The pH of aquarium water is decided by the material dissolved in it. In theory, at any rate, the pH of pure water would be 7. That is, the concentration of hydrogen ions would be 10-7 molar, as would the concentration of hydroxide ions. The pH is defined as minus the log of the molar hydrogen ion concentration. In practice, water is very rarely so pure that the concentration of the impurities is less than 10-7 molar. What is more, the conductivity of water that pure is so low that making measurements of its properties is very difficult.
One frequently sees comments in material on aquaria that water with
little carbonate hardness is poorly buffered, and that its pH is not
very stable. This is literally half the story. In a
buffered solution, an acid and its salt with a (usually) metal ion, are
both present and between them set the pH. For an acid, which we
will call for now HA, there is an equilibrium:
HA <--> H+
The double-ended arrow indicates that the
reaction goes in both directions all the time, and is in a state of
dynamic equilibrium. There is an equilibrium constant, Ka,
defined as (square brackets mean "molar concentration of"):
Ka = [H+][A-]/[HA]
Rearranging this equation shows how a
buffer system sets the pH:
[H+] = Ka[HA]/[A-]
The effectiveness of the buffer in resisting changes to the pH
depends on the concentrations of both the acid and the anion. The
buffer best resists the changes caused by addition of another acid or
base when the two concentrations are equal. At that point, the
hydrogen ion concentration is equal to the Ka for the
equilibrium, or the pH is equal to the pKa.
The acid of interest in most aquaria is carbonic, H2CO3,
negative ion (anion) is the bicarbonate ion, HCO3-.
The positive ion that goes along with bicarbonate ion is usually
As luck would have it, understanding how this system works is
considerably complicated by the fact that this is a most unusual
acid. It is formed when carbon dioxide dissolves in water, but
only a very small fraction of the carbon dioxide dissoved is actually
in the form of carbonic acid. Nevertheless, since this fraction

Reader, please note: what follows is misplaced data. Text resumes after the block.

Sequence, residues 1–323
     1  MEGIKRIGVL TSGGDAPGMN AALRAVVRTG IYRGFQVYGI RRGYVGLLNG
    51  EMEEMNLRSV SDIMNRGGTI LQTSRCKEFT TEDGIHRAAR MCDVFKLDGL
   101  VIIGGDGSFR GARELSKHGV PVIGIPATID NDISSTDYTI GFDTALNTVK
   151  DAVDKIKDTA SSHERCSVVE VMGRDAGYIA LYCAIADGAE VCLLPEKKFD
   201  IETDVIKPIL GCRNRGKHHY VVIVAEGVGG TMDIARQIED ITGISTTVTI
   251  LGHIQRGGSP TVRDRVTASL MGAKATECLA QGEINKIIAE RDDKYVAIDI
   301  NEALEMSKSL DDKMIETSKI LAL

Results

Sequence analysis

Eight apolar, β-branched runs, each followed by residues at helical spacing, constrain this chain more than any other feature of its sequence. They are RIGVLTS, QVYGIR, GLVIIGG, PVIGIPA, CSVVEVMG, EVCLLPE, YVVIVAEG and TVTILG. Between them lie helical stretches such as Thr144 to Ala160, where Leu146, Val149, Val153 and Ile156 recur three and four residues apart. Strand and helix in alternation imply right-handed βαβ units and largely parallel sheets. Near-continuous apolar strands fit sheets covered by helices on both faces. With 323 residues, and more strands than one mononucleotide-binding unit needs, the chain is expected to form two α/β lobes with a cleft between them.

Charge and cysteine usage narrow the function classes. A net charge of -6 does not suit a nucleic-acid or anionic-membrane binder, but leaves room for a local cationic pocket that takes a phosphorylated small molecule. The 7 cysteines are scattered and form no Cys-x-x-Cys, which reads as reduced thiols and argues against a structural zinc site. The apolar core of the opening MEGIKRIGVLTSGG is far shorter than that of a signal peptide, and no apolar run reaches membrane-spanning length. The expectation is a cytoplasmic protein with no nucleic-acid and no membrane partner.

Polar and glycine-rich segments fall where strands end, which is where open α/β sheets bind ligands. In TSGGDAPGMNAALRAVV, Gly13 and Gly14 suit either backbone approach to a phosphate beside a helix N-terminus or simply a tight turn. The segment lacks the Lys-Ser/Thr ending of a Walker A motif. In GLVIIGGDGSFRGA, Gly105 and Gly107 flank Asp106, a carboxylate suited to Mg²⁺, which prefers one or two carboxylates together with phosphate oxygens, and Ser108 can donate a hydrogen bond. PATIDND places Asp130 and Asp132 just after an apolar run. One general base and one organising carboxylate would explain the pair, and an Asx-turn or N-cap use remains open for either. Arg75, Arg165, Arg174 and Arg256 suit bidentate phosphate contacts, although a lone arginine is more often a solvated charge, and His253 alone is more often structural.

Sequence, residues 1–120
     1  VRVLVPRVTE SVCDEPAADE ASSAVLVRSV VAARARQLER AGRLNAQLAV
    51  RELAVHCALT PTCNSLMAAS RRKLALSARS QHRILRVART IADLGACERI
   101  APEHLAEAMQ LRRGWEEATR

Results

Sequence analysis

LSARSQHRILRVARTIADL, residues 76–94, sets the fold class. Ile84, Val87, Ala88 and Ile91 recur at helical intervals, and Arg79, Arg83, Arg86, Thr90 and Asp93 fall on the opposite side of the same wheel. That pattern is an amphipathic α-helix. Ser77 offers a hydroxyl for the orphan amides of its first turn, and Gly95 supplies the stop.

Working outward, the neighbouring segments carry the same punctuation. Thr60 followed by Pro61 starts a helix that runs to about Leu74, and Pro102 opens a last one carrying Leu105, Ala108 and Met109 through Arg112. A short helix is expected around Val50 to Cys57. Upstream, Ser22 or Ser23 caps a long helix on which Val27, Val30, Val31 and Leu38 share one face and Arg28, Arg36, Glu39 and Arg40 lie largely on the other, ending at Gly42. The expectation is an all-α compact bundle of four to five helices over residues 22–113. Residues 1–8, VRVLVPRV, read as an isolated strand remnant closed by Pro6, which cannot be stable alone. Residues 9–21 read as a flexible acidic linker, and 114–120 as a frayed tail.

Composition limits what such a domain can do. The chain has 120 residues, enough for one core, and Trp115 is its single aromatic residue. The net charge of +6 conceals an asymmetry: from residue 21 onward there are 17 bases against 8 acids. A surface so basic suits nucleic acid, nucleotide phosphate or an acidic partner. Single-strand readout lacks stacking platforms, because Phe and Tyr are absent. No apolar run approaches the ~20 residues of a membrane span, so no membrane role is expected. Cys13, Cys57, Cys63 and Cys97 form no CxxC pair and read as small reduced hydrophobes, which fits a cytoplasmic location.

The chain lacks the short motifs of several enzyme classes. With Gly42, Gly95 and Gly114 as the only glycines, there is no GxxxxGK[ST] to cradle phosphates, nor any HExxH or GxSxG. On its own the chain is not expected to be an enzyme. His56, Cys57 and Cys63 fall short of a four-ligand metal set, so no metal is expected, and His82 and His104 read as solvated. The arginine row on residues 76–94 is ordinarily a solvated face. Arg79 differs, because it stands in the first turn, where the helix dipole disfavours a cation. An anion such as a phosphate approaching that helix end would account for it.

is more or less constant, we can get an effective Ka for:
<--> [H+] + [HCO3-]
The pH of the solution is set by the CO2
concentration and the bicarbonate concentration, which is usually
referred to as the KH. Note that it is always this way
round. You cannot set the CO2 concentration by setting
the KH and then adjusting the pH. The result of that is an
alteration of the KH and a temporary alteration of the carbon dioxide
concentration. The reason that the CO2 concentration
change is temporary is that there is another equilibrium involving the
CO2 - it is free to come and go. Plants absorb it,
fish excrete it and there is continuous exchange with the air.
That is what sets the CO2 concentration. It is
possible to change it by using a CO2 addition system, but
not by altering the pH by adding another acid.
It is nevertheless possible to find out what the carbon dioxide
concentration is by measuring the pH and the KH and doing a calculation.
Carbon Dioxide Concentration Calculator
As discussed above, the test kits sold for measuring the carbon
concentration in the aquarium are of somewhat dubious value. When
they are first made, they will probably give reasonable results, but
the very dilute reagent will readily absorb atmospheric carbon dioxide,
becoming still more dilute. As time passes, more and more of it
will be required to react with the carbon dioxide in a sample of the
same aquarium water. The Aquatic Plants
Mailing List has more than once had a posting in which someone
comments on their extremely high CO2 concentration. In
most of these cases, I suspect that a defective test kit was being
used. It is much better to measure the pH and KH of the water,
and to infer the CO2 concentration from those. Even
when this is done, care must be used to get a good pH reading. A
sample of water removed from the aquarium will lose CO2
rapidly to the atmosphere, giving a falsely high pH, so speed is
required if one is to get a meaningful result, particularly in aquaria
to which supplemental CO2 is being added. KH tests
should be reasonably reliable, provided that the "alkalinity" of the
water is due to bicarbonate ions (almost always the case). Tables
provided in aquarium books or on the web may then be used to calculate
the CO2 concentration. Alternatively, the result may
An Excel spreadsheet that calculates the concentration of carbon
dioxide in the aquarium water can be downloaded here. The pH, KH and
temperature of the water are entered in the appropriate cells, and the
calculated CO2 concentration appears. The pKa used for
ionisation of carbonic acid is calculated as a function of the
version at the top of the page.
Stay tuned for more....